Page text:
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My guess is that this has nothing to do with Erlang, it's just
disk cache. You'll get the memory back when you need it.<br>
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See for example:<br>
for more details.<br>
On 08/16/2013 11:27 AM, tom kelly wrote:<br>
<pre wrap="">Hi list,
We're confused here by a memory usage problem that we're seeing. We're
writing a lot of data chunks to disk and are seeing higher than
expected memory usage, that lingers even after the Erlang VM has
I've trimmed it down to a simple minimal testcase, just open an erlang
shell, open a dets file and write some data chunks to the dets file.
In my test I write 45000 4KB chunks for 180MB of data (I get the data
from crypto:rand_bytes/1 but the source doesn't affect the behaviour)
and afterwards erlang:memory/0 shows that we're using ~12MB of RAM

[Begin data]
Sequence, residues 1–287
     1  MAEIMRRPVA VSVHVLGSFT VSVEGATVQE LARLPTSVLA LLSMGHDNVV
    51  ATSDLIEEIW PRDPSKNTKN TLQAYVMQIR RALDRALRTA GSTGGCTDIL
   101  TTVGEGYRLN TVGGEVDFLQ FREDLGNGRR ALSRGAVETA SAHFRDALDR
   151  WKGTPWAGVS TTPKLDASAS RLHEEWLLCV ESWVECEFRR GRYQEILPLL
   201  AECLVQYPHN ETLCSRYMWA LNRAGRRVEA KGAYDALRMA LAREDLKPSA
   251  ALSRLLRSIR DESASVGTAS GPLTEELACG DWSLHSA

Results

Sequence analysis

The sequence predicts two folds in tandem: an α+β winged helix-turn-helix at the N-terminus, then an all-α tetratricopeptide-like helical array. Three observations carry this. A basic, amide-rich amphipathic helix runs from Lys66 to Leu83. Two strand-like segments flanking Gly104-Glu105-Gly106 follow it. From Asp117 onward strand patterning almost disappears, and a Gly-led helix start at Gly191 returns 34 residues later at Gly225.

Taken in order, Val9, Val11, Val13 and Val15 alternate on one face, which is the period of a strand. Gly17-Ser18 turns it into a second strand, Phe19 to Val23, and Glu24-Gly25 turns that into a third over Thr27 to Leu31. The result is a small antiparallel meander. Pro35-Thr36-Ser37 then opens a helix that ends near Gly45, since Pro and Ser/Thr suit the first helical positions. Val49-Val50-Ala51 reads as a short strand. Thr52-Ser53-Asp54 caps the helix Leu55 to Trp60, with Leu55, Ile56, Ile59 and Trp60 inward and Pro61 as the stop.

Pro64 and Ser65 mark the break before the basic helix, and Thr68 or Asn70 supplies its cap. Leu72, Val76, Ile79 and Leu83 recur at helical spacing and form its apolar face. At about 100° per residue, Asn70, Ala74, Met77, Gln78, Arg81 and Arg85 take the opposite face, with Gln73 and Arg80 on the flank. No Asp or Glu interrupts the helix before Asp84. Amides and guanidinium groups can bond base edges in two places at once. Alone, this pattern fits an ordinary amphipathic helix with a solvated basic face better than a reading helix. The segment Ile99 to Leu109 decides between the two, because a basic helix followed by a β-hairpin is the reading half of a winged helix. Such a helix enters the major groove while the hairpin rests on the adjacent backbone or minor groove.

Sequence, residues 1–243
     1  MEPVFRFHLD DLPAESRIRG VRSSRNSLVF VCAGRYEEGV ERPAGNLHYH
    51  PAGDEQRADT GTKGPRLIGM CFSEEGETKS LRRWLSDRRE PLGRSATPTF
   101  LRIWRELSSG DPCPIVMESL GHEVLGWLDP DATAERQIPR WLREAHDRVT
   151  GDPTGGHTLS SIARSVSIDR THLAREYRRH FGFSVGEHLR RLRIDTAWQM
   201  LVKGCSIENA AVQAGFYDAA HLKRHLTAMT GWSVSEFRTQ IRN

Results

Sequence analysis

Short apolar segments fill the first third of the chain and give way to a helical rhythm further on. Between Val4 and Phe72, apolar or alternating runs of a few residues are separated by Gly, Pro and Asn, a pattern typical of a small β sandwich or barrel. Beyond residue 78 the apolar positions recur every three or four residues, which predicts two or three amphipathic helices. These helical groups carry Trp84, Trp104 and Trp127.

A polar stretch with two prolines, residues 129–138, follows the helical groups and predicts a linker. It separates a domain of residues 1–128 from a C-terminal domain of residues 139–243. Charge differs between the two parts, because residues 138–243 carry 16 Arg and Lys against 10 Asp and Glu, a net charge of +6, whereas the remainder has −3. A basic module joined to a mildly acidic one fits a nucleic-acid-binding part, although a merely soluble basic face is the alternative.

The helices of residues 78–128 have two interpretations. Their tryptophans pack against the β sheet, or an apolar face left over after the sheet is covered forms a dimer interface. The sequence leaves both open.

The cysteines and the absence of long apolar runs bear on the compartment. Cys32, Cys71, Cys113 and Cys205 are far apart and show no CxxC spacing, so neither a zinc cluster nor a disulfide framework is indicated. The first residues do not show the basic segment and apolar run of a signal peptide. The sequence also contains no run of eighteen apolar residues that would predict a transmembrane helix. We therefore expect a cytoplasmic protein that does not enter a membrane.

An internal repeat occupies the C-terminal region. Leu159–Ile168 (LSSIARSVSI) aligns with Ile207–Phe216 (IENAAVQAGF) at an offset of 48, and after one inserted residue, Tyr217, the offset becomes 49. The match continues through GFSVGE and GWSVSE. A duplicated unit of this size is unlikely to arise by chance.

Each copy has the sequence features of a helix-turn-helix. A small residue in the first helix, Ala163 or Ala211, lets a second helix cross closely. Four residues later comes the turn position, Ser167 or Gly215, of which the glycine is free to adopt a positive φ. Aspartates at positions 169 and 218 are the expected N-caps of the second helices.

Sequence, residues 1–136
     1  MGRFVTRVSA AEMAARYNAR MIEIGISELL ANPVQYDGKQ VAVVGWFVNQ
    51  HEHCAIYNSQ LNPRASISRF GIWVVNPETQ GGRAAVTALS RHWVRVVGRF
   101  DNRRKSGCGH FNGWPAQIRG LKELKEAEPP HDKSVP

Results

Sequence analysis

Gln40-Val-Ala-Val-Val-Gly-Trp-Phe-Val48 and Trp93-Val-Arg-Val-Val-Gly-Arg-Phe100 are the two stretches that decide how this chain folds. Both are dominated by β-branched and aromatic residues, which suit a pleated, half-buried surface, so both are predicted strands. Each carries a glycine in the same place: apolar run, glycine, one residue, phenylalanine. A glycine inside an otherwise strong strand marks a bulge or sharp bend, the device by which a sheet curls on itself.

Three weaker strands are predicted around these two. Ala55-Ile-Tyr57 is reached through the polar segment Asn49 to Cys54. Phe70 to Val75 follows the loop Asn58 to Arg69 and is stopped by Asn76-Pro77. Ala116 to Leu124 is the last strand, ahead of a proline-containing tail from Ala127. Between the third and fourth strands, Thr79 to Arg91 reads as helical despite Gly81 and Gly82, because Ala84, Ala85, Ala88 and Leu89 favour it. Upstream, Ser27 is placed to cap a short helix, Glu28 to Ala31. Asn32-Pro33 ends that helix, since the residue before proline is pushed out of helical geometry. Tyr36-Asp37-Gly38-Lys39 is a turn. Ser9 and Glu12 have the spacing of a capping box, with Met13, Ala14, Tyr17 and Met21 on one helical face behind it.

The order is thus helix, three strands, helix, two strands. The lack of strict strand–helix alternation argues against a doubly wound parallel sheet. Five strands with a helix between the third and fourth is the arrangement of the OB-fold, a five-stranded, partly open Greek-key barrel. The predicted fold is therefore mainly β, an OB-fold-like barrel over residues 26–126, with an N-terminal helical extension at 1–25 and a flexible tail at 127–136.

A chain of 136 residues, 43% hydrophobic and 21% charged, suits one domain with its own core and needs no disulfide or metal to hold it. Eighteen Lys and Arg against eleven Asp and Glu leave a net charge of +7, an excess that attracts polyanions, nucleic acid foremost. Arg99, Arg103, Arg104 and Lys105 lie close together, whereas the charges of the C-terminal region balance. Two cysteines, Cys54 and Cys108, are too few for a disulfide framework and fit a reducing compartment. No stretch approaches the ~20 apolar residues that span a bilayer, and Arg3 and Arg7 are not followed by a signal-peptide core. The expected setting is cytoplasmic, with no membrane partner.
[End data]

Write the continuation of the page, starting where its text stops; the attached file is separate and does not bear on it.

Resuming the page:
that agrees with what both "top" & "ps aux" accounts for in the beam
What's weird is that top also reports (in the total memory used
figure) 300MB of RAM has been used up while filling the dets table but
does not account for it under any process (the amount of extra RAM
consumed always seems to be between 1.5 & 2 times the amount of data
written to disk).
I can delete all the data from the dets file and close it with no
effect on the inconsistent top output. I can then shutdown the Erlang
VM, with no effect on the inconsistent top output.
While monitoring top I can see that the RAM is only freed after I
delete the dets/bitcask file/s from disk, the total RAM accounted for
by "ps aux" does not change with this step. Or, if I re-run the test
it gets freed up when the dets table is re-opened.
I'm seeing this behavior here with R16B:
Erlang R16B (erts-5.10.1) [source] [64-bit] [async-threads:10] [hipe]
And my OS:
Linux host 3.2.0-4-amd64 #1 SMP Debian 3.2.41-2 x86_64 GNU/Linux
But I also see it on R14B02:
Erlang R14B02 (erts-5.8.3) [source] [64-bit] [rq:1] [async-threads:0]
Linux host 2.6.32-5-amd64 #1 SMP Mon Jan 16 16:22:28 UTC 2012 x86_64 GNU/Linux
It seems like way too big an issue not to have been noticed before
now, can anyone else reproduce it?
We're easily confused here at the best of times ;-) so if anyone can
shed any light on what's holding onto this RAM it'd be much
appreciated! Ideally we'd like to get this 300MB freed up straight
away after writing everything to disk.
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